Google VS. Bing: A Bout Between Two Search Engine Heavyweights

Google VS. Bing: A Bout Between Two Search Engine Heavyweights

Google VS. Bing: A Bout Between Two Search Engine Heavyweights

For years Google has been the top search engine, gaining more and more market share every month. To challenge that Internet dynasty, Microsoft recently unleashed their latest search engine, Bing. Billing it as the next evolution of live search, Bing looks to challenge Google’s supremacy with new features and style. But Google will not be dethroned easily:

Round 1: Interface

In a world where search engines pages like Yahoo! came with a myriad of bars, apps and articles, Google broke onto the scene with a simple title and search bar, making the engine incredibly easy to use and sleek to look at. This interface hasn’t changed since Google was first launched in 1997. Bing emulated that look but added stylish, interactive images on its homepage.

The real difference comes after the search. Google keeps the single frame layout with search results down the left-side and alternate search suggestions at the bottom. Bing pus its search suggestions in another frame on the left hand side and adds a useful “recent searches” section to record the last several requests. The look is simple, sleek, and functional and can be seen as an improvement on Google. Round 1 goes to Bing.

Round 2: Google Search VS. Bing Search

While sleekness and style are important for any website, for search engines the proof is in the search. Google revolutionized search capabilities with a specific algorithm that expanded normal parameters. The developers have kept the exact algorithm a closely guarded secret for over a decade. If Bing wants to beat Google in the long run it is going to have to match Google’s intricate search capabilities.

In searching “hubble space telescope” on both sites the initial results look fairly similar. Both sites offer a few million hits but only let you access the first 1000. And both display similar top results including the Hubble home page and NASA. But upon further inspection, Bing seems to be missing a few key sites, like links to the ESA (European Space Agency), which is a partner with NASA on the Hubble project.

 

The European sites would be harder for a search engine to find, but also very valuable for any student or hobbyist doing research on the telescope. While Bing does give better results than most other search engines, it still can’t beat Google’s comprehensive results. Round 2 goes to Google.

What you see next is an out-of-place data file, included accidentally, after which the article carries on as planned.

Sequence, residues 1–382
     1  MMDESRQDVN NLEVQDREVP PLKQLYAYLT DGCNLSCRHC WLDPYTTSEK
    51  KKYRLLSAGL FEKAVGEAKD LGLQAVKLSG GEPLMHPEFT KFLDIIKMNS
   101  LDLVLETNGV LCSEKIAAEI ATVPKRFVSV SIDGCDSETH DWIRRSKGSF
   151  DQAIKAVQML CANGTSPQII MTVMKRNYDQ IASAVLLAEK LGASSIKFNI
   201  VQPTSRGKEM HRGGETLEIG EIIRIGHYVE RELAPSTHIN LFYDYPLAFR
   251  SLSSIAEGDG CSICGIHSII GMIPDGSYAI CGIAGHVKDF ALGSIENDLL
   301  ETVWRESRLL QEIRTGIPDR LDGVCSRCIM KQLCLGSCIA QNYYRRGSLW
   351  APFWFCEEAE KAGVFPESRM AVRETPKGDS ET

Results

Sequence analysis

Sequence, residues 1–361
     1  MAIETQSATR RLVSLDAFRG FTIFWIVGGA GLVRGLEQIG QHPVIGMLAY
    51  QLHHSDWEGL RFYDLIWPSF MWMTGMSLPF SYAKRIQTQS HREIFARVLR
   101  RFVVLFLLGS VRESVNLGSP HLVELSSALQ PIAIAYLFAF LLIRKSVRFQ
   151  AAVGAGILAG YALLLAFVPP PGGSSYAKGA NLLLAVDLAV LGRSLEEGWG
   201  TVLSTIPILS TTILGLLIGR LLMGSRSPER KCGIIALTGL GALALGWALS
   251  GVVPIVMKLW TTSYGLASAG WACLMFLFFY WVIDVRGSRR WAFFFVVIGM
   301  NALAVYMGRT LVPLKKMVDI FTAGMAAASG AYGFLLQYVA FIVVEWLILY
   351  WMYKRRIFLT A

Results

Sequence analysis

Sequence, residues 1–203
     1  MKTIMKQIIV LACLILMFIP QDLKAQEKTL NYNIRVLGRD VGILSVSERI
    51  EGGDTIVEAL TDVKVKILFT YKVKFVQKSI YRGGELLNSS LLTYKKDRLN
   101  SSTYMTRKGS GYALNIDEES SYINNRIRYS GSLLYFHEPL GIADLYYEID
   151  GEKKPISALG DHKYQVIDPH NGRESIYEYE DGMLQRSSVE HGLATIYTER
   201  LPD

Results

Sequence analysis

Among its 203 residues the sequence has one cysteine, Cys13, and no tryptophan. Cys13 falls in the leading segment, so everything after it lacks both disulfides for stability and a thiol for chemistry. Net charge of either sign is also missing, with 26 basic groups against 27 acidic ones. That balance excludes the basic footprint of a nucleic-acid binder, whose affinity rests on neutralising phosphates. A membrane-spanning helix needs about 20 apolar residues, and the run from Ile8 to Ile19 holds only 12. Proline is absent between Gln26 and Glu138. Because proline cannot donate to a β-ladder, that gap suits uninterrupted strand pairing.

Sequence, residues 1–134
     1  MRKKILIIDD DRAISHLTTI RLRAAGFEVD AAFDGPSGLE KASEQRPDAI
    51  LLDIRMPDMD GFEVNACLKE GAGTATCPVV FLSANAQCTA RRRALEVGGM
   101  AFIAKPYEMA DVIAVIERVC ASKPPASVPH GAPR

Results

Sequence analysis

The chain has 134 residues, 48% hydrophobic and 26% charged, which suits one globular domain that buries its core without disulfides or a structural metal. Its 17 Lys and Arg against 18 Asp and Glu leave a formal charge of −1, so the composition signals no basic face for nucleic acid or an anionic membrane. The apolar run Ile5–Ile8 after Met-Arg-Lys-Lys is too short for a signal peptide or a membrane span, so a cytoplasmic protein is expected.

Round 3: Google Images VS. Bing Images

One of the most helpful tools provided by search engines is the image search. Web developers, students and businesspersons are just some of the people who regularly use the Internet to find images to enhance projects, presentations and websites. A good search will provide comprehensive results and flexible parameters. Again, Google has been the king in this category for a while but Bing is trying to challenge that reign.

When searching for actor and game show host Howie Mandel, the results are fairly similar from both sites. However, when it comes to flexibility, Google has the edge. While Bing provides certain filters for size and color to narrow down results, Google’s filters are more specific, allowing a user to specify exact pixel size and color. This wider versatility is vital for those who use image searches on a regular basis. Google wins round 3

Round 4: Other Applications

Both Google and Bing provide a number of other applications and searches to aid in every day life. Here’s how they stack up against each other:

Video: While Bing has the edge in video interface (allowing users to view a portion of the clip without clicking) it can’t beat Google’s more accurate results thanks to its ownership of youtube.com. Google wins video.

Shopping: Google’s shopping search is best for accuracy and sheer number of results, but Bing’s cash back program gives it the edge for Internet shoppers. Bing takes shopping.

Maps:With both sites offering excellent map applications including pictures of locations, traffic, and various print options, it is a tie between Bing and Google for maps.

Specialized Apps: Bing does provide a handful of specific searches and apps for the everyday user, but cannot come close to the dozens of apps on Google like book, document, and academic journal searches. Specialized apps goes to Google.

With more options and better results almost across the board, round 4 goes to Google.

Google VS. Bing: The Final Scorecard

While Bing put up a good fight, Google was just too tough an opponent. From search comprehensibility and flexibility to specialized needs, Google still provides the best search experience for Internet users. But Bing is young yet, and it would not be surprising to see it eat even more into Google’s market share as it gorws and develops to meet more of the public’s search needs.

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